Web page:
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Government must offer clarity for schools work to succeed

‘About time’ was the response from people in the construction industry I’ve been speaking to following last week’s announcement that 261 schools would be receiving money through the Priority Schools Building Programme.

A fair enough comment, given we were expecting the announcement at the end of last year.

On one level, the delays were understandable. The government wanted to check money was going to schools with the most need, but led to inevitable frustration from an industry that is being seriously hit by the economic downturn.

The PSBP is not a panacea. Many schools have lost out and, for them, there are limited options for the foreseeable future. But the PSBP does at least acknowledge that much of the school estate needs renewal.

And of course, it provides hard-pressed firms with the opportunity of an income stream.

The challenge now is for government to inject some clarity into the next steps. We need to know more about the procurement process.

As the government’s chief construction adviser Paul Morrell argued in CN last week, sorting out the challenges in the procurement chain will provide better value for money as well as making life simpler for firms bidding for work. A steer on the future of BREEAM would also be helpful.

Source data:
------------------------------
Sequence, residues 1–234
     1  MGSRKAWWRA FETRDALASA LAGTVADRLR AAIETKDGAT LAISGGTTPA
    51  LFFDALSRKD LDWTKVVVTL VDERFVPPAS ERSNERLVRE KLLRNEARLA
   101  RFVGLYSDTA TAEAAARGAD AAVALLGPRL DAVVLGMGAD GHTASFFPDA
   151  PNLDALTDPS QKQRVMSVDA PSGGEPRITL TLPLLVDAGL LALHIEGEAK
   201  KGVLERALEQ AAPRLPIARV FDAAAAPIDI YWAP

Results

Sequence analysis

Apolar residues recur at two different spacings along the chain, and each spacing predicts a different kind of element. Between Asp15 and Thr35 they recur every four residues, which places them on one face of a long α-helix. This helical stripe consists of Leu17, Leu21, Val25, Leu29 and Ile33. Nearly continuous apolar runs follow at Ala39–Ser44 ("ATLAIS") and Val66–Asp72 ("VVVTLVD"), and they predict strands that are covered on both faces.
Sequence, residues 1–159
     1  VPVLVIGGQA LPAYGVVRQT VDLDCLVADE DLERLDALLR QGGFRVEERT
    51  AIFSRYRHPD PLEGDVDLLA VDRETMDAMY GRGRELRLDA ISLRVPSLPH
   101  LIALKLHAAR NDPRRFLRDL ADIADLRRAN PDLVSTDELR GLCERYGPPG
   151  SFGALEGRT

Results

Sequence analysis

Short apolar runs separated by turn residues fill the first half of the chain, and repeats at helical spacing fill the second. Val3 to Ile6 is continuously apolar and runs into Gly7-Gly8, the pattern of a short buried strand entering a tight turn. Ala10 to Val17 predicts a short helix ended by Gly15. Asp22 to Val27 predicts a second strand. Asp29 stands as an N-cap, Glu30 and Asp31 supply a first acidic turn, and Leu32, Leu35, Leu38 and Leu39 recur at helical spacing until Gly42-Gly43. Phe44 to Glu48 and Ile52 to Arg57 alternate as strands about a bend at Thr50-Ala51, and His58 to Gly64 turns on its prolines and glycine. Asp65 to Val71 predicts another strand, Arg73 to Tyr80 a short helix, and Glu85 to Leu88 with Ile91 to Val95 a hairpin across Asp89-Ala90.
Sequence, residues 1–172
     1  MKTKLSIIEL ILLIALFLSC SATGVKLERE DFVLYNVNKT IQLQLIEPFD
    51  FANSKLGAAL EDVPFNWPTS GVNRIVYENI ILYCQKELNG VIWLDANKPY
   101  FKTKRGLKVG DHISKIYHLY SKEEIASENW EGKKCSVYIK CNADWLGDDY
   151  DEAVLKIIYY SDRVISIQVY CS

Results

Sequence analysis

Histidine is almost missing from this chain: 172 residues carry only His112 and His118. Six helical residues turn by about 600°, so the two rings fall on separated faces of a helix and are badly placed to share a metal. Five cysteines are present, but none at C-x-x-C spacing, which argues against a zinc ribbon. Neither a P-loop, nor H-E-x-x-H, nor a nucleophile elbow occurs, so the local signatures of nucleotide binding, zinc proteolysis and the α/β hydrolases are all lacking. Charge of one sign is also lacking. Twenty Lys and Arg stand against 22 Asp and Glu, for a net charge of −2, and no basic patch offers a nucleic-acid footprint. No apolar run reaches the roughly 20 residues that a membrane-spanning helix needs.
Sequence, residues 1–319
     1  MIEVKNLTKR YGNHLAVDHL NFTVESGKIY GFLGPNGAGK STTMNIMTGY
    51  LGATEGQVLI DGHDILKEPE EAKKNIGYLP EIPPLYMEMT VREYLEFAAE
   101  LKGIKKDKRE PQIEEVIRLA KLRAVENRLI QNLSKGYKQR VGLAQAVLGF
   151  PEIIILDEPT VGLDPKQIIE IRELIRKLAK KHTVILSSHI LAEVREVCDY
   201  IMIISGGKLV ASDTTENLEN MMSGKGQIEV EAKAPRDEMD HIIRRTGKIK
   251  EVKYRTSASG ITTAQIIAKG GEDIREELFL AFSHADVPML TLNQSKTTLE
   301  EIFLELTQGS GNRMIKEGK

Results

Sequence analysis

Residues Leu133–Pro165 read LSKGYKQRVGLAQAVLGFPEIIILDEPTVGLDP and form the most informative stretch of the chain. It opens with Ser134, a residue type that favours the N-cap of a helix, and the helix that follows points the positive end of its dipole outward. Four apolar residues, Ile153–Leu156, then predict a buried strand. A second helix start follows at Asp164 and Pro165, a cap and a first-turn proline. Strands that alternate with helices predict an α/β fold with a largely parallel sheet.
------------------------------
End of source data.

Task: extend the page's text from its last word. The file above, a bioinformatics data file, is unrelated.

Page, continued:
We also need to know more about the routes for starting work on those 40 or so schools identified as having absolute precedence. The timetable for delivery is ambitious, given we know how long it takes to get a school built.

And, of course, we need to know more about the PFI mechanisms which are going to apply to the lion’s share of the funding for schools being built or renewed under PSBP.

This information is crucial for construction companies to be able to lay the groundwork for building or refurbishment projects that will result in schools of a decent standard; schools which are fit for purpose and support teaching and learning.

Once we know more, firms can prepare by understanding the spread of batching; preparing local supply chains and bringing them in as early as possible; having bid, pre-construction and design teams well resourced and briefed; and getting a handle on bid costs and exposure, given the ITT process is likely to be streamlined.

We’re facing a leaner, tougher, faster environment. Both the government and the industry need to rise to the challenge of learning from the mistakes of BSF. Bureaucratic procurement, PFI funding problems and no robust post-occupancy evaluation were all part of the problem.

My biggest anxiety is that we repeat the same mistakes but keep hoping for different results. We need government policies and procedures which play to the strengths of the construction industry and ensure we build sustainable schools that meet the needs for the children of today and for generations to come.

Nusrat Faizullah is chief executive of the British Council for School Environments


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